About Psychodrama

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“Awakening the autonomous healing center, the power to heal oneself, is how I see the value of psychodrama and all forms of therapy.”

– Zerka T. Moreno,  To Dream Again.  A Memoir, 2012 –

Psychodrama is part of the so called Humanistic Psychotherapies: it is a person’s centred approach which emphasized self-actualisation and the development of one’s own capabilities and creativity. The therapist follows the client’s leads and they work together to unleash client’s potential. In specific cases I integrate this approach with the Cognitive Behavior Therapy’s techniques.

Psychodrama is an action method developed by Jacob Levy Moreno (1889-1974) and his wife Zerka Moreno*.  It uses role playing and dramatisation techniques to explore the energy enclosed within emotions, dreams and conflicts in order to release the creative and spontaneous self.  Spontaneity is defined as a new response to an old situation or an adequate response to a new situation (Jacob Levy Moreno)

Psychodrama is used both as individual and as group therapy and can effectively improve communication and work performance within organisations.

In psychodrama, everything happens on a stage, in the ‘here and now’ of a situation. It is in this safe place that the individual can step out of her/himself and discover new truths through new encounters: not only with other individuals but also with parts of the self or with objects. This reality is what J. L. Moreno called ‘surplus reality’: “there is in psychodrama a mode of experience, which goes beyond reality, which provides the subject with a new and more extensive experience of reality, a surplus reality” (Zerka T. Moreno, 2000).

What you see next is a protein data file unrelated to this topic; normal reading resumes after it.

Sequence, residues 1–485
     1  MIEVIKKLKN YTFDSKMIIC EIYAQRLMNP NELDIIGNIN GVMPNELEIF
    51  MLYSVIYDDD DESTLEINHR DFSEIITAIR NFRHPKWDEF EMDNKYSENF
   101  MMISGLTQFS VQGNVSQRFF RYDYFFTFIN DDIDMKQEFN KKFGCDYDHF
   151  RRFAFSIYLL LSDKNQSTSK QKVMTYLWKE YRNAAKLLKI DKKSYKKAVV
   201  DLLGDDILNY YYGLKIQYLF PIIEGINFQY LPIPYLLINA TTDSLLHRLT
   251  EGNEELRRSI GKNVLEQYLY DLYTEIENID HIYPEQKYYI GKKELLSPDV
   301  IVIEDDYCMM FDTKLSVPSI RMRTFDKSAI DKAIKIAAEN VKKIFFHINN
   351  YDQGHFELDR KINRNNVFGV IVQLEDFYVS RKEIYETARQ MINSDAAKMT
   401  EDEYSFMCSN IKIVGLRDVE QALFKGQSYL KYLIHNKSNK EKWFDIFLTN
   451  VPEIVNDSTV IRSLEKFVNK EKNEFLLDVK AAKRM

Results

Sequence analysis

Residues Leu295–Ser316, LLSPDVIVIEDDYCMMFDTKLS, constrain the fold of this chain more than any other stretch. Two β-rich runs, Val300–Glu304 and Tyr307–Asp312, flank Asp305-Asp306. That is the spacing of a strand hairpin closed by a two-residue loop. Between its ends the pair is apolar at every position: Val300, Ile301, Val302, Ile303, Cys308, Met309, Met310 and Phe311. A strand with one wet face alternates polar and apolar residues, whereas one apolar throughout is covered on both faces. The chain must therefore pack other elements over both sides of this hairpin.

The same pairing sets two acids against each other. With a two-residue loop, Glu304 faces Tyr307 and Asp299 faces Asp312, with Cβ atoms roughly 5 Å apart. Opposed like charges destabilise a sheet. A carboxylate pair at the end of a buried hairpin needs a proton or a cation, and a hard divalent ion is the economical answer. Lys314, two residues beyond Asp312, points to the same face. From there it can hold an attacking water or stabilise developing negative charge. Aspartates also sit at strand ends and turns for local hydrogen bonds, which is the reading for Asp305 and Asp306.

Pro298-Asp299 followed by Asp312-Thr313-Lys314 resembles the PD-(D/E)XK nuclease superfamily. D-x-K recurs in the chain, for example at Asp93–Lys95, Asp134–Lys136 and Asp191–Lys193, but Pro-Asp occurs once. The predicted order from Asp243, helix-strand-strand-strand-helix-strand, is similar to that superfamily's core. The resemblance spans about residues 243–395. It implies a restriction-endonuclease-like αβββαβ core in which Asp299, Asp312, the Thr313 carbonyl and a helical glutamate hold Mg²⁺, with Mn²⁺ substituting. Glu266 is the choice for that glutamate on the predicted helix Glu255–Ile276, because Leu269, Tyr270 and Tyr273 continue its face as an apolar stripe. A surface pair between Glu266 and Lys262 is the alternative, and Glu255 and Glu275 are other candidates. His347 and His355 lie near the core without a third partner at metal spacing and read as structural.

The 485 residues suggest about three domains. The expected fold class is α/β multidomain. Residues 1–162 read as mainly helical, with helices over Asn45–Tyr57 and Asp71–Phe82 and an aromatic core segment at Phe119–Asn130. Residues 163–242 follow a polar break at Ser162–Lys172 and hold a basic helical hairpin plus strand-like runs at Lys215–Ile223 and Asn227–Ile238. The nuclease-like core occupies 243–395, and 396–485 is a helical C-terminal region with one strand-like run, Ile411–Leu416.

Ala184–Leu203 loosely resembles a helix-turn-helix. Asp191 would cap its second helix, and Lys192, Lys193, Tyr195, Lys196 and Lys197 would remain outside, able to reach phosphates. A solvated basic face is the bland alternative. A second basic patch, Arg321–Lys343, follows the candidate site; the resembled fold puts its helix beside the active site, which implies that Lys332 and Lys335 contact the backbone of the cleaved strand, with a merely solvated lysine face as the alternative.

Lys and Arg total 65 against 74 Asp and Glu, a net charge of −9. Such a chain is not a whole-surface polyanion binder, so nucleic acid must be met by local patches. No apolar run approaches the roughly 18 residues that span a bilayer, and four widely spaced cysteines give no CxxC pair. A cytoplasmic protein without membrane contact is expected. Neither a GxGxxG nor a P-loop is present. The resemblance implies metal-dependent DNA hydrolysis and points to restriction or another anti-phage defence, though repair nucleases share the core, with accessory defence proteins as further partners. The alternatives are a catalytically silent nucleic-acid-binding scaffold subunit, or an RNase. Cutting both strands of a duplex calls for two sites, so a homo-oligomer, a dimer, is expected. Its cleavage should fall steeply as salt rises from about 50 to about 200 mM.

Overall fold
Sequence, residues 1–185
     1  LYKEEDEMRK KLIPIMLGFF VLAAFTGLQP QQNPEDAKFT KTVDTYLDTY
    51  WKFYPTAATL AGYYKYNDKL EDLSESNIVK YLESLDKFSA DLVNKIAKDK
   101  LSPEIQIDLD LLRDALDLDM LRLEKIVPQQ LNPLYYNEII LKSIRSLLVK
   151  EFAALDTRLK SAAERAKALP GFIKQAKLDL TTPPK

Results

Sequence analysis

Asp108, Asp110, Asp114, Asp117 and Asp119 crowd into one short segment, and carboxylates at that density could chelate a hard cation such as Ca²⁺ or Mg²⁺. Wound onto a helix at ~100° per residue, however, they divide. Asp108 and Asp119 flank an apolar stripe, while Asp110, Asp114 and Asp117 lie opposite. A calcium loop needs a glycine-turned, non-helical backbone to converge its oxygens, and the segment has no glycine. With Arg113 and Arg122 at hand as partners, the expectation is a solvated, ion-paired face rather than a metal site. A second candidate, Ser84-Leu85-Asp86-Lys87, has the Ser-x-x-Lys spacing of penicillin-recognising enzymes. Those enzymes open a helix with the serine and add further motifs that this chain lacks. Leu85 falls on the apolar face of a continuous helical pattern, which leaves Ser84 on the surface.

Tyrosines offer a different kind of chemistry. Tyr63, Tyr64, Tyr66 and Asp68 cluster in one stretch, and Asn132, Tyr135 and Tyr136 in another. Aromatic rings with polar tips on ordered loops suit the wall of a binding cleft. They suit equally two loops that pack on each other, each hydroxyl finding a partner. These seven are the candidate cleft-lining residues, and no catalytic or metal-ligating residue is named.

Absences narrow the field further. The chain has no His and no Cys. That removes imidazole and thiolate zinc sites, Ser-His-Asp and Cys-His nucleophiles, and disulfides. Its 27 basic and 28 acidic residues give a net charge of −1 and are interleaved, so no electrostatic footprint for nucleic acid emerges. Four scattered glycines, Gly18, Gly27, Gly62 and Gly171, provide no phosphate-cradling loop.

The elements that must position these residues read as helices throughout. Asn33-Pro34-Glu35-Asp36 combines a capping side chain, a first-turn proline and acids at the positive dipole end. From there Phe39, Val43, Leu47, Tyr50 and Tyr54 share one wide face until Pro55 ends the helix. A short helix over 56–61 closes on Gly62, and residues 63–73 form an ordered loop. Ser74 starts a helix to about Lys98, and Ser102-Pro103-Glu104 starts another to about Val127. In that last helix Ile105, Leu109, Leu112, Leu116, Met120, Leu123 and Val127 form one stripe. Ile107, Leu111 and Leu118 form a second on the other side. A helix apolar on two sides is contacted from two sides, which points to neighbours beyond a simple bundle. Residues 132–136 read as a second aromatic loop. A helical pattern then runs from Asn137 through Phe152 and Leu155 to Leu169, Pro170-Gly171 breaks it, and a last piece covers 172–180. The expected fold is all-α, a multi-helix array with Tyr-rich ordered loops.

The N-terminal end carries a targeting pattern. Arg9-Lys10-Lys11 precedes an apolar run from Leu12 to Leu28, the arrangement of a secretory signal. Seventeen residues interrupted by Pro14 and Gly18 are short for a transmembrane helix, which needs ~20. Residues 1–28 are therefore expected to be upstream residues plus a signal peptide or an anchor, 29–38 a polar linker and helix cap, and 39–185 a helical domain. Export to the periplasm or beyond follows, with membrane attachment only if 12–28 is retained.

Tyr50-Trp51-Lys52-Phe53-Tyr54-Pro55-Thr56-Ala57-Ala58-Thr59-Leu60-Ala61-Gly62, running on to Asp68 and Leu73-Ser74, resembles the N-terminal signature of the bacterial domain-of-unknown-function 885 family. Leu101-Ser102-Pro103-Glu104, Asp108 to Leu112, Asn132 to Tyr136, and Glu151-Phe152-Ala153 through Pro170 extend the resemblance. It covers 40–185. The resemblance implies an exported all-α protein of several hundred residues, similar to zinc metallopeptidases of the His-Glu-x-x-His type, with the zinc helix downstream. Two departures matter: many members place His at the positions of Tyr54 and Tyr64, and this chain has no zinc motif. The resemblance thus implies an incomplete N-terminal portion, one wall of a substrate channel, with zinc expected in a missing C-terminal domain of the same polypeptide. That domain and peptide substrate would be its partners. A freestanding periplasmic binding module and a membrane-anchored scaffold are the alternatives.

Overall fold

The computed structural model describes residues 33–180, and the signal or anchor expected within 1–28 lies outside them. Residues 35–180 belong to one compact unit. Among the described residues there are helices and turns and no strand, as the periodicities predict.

Jacob Levy Moreno also defines surplus reality as “a world which may never have been nor may ever be, yet it is absolutely real. It is a direct discourse, that is, with power or redemption”. The purpose of using psychodramatic techniques with individuals or in group psychotherapy is to rediscover the spontaneity and creativity that seats inside every living being. Anxiety, confusion and pity are the opposite of spontaneity and thus, to rediscover one´s own power, in satisfactory dealing with life, is the aim of psychodrama.

A psychodrama encounter consists of traditionally three phases:

– Warm-up: the initial stage of the process, where the individual (in a group or individual session) gets in touch with his/her own feelings and emotions, and with what urges inside to become aware of. It is usually done through a discussion with the group or with several other techniques that prepare the person to go a few steps deeper.

– Enactment: the moment in which the inner reality of the protagonist takes shape on stage. In a group session, the participants play a central part in taking up roles assigned by the protagonist. In this way, for the protagonist, the participants in the scene and for the audience, the enactment is a revealing experience.

To act means, therefore, to be able to take the initiative and to do the unanticipated, to exercise that capacity for freedom which was given to us the moment we came into the world. To act and to be free are, in this respect synonymous: to be free means to engage in action, while through action our capacity for freedom is actualised” (Zerka Toelman Moreno, 2000).

– Sharing: during the sharing, the protagonist and group members share their feelings. It is a therapeutic moment which aims at integrating the experiences on stage with our personal lives.





* Videos about Zerka Moreno and psychodrama:





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